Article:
Can the growth momentum be sustained? In the past, because of weak institutions and volatile terms of trade and other shocks, growth episodes in sub-Saharan Africa have generally been shorter than in other regions and often ended with a dramatic collapse in output. In the current expansion, many countries have benefited from improved terms of trade, but there are also signs that macroeconomic and policy conditions continue to improve, which should help sustain growth. Many other sub-Saharan African countries have sustained growth for several years despite stable or declining terms of trade. These countries are reaping the benefits of economic reforms and improved macroeconomic policies, as well as a decline in armed conflicts and political instability. As a result, investment has increased, economic growth has strengthened, and income volatility has fallen. Sustaining the current expansion and reducing poverty ultimately depend on each country’s ability to pursue structural and institutional reforms to increase productivity, boost resilience to shocks, and attract private investment.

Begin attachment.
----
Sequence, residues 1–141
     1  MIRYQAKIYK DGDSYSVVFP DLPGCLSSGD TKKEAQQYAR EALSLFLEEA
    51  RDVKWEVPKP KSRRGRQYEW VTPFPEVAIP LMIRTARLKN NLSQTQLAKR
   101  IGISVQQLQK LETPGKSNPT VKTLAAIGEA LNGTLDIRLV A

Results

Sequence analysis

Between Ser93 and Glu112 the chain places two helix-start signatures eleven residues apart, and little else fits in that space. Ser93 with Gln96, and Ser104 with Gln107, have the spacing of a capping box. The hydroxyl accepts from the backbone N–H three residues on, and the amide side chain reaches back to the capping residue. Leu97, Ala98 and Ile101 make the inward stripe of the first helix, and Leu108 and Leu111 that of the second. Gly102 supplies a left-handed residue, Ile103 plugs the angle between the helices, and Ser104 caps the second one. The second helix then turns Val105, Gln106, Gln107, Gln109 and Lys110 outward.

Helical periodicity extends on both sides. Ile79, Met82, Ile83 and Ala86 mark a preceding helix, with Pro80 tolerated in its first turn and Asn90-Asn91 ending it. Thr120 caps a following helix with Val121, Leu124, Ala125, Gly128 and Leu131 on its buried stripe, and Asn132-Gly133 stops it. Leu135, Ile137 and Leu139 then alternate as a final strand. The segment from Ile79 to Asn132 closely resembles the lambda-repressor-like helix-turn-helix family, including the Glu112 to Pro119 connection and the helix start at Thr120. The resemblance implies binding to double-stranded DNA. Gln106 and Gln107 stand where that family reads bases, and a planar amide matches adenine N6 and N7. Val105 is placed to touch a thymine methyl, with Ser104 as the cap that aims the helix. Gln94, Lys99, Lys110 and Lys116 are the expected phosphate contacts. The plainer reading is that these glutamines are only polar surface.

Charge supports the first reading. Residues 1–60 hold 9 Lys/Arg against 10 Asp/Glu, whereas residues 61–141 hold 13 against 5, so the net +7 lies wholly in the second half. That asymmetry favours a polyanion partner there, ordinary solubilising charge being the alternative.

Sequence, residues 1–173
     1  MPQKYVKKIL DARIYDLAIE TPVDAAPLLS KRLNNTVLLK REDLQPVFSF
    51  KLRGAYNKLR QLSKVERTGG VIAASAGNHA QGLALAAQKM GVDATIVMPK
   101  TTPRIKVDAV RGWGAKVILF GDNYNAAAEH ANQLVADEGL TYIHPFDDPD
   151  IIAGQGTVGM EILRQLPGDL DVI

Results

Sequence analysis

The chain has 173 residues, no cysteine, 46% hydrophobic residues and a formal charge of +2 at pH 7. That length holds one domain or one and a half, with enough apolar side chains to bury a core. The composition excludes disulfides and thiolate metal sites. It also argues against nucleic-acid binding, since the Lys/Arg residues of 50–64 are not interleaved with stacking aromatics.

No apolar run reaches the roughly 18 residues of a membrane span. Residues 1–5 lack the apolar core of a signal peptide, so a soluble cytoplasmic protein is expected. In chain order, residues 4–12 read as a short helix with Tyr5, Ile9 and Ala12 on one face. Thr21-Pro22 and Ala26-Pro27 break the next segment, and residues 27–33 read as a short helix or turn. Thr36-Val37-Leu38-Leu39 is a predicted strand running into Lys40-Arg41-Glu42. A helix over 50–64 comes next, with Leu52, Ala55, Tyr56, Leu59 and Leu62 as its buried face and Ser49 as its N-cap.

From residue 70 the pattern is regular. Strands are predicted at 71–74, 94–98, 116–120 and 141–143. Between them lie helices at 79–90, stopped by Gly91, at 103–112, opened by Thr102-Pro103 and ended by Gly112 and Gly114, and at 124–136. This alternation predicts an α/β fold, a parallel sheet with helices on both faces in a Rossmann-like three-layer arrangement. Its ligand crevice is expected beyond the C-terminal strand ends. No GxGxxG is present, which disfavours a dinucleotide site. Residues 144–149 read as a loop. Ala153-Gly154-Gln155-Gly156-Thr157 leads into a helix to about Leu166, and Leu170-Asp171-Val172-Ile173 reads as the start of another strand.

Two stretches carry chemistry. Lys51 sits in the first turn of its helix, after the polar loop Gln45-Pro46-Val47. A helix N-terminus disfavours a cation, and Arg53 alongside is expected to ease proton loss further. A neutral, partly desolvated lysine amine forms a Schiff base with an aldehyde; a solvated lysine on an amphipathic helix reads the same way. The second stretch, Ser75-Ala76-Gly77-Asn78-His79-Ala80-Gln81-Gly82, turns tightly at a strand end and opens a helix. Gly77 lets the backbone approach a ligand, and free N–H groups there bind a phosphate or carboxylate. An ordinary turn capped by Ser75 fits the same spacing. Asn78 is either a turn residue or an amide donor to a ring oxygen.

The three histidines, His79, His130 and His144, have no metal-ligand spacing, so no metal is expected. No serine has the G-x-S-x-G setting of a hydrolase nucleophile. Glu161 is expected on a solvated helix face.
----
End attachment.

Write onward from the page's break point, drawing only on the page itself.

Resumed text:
Having successfully stabilized their economies, many sub-Saharan African countries have been increasingly reorienting fiscal policies toward promoting economic growth and poverty reduction. Chapter 2 provides an overview and discusses the experiences of five countries in creating and using this fiscal space to accelerate progress toward meeting the Millennium Development Goals. These experiences suggest some lessons that are salient for other sub-Saharan African countries. First, domestic revenue mobilization has clear advantages as a source of fiscal space for countries where the revenue share in GDP is low, but the required institutional reforms take time to implement and should therefore be given priority. Second, improving the efficiency of expenditures is key, but many countries still have a large reform agenda. Third, the possible adverse impact of aid inflows on external competitiveness can be mitigated by frontloading productivity-enhancing expenditures. Fourth, more needs to be done to anchor fiscal policy decisions in a medium-term framework; only a few countries have sophisticated frameworks that provide a link to government objectives and include detailed costing of sector-specific programs while accounting for the recurrent cost implications.

      You are not logged in and do not have access to this content. Please login or, to subscribe to IMF eLibrary, please click here

      Other Resources Citing This Publication